Retrieved from http://www.exploratorium.edu: "Once you've made all of your folds and the plane looks symmetrical, it's time to trim it, or adjust it, for flight. Give it a gentle toss forward. Your goal is to have it glide smoothly and gently to the ground, either flying straight or in a gradual curve. Make these adjustments, if necessary:
- If the nose drops and the plane dives into the ground, bend up the back of the wings. A little bend goes a long way.
- If the nose rises first and then drops, the plane is stalling. Bend down the back of the wing. Keep your adjustments small.
The comparison always involves some uncertainty. If the tape measure has marks every foot, and the table falls between the sixth and seventh marks, you can be certain that the table is longer than six feet and less than seven feet. To get a better idea of how long the table actually is , though, you will have to read between the scale division marks. This is done by estimating the measurement to the nearest one tenth of the space between scale divisions." Retrieved from Frostburg State University Department of Chemistry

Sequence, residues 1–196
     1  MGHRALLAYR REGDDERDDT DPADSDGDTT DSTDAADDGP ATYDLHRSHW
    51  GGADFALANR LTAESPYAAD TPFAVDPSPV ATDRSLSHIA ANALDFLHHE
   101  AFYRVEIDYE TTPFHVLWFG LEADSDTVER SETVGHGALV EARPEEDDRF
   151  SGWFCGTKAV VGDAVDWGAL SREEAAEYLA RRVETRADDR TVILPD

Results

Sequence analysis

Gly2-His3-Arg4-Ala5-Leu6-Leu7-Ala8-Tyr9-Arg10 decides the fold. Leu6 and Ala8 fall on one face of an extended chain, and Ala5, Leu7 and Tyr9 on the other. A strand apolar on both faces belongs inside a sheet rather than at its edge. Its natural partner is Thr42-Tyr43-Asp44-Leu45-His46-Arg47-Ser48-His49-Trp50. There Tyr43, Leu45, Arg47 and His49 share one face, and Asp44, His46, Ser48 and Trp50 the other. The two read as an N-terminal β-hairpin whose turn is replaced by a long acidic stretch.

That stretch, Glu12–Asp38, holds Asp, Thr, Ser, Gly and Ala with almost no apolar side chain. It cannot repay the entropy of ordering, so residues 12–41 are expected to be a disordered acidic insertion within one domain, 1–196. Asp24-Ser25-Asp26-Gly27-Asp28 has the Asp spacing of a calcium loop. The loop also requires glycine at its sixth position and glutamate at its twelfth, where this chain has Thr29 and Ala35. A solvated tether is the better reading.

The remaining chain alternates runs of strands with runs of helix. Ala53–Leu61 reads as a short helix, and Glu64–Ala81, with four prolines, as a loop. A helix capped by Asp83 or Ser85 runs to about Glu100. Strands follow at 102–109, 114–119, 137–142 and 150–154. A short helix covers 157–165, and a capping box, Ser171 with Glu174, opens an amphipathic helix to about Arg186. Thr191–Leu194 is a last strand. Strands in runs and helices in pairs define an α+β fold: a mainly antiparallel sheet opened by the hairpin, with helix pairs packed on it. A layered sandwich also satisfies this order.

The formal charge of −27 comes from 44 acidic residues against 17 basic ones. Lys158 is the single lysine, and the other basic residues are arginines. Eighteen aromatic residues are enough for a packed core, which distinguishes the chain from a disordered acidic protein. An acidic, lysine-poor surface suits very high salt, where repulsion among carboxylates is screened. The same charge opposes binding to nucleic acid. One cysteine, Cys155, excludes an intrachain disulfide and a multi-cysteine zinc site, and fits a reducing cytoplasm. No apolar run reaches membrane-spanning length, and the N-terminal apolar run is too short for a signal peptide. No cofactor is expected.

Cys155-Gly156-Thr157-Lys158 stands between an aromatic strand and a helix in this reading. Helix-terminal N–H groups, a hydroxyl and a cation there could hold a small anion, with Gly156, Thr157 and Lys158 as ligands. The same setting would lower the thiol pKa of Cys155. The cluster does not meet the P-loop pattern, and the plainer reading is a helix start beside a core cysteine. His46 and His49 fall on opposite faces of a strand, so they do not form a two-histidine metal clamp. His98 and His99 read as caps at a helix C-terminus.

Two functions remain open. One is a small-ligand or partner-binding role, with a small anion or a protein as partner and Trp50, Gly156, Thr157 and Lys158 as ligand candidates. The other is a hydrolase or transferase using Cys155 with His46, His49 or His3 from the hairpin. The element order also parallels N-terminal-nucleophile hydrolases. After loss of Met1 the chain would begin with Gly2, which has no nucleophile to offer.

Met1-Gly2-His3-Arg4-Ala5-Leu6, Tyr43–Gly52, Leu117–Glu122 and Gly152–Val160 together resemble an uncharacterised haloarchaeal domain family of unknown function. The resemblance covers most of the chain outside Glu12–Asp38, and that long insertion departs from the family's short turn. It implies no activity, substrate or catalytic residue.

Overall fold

You can also check this site for a tutorial on uncertainty in measurements and significant figures. http://antoine.frostburg.edu/cgi-bin/senese/tutorials/sigfig/index.cgi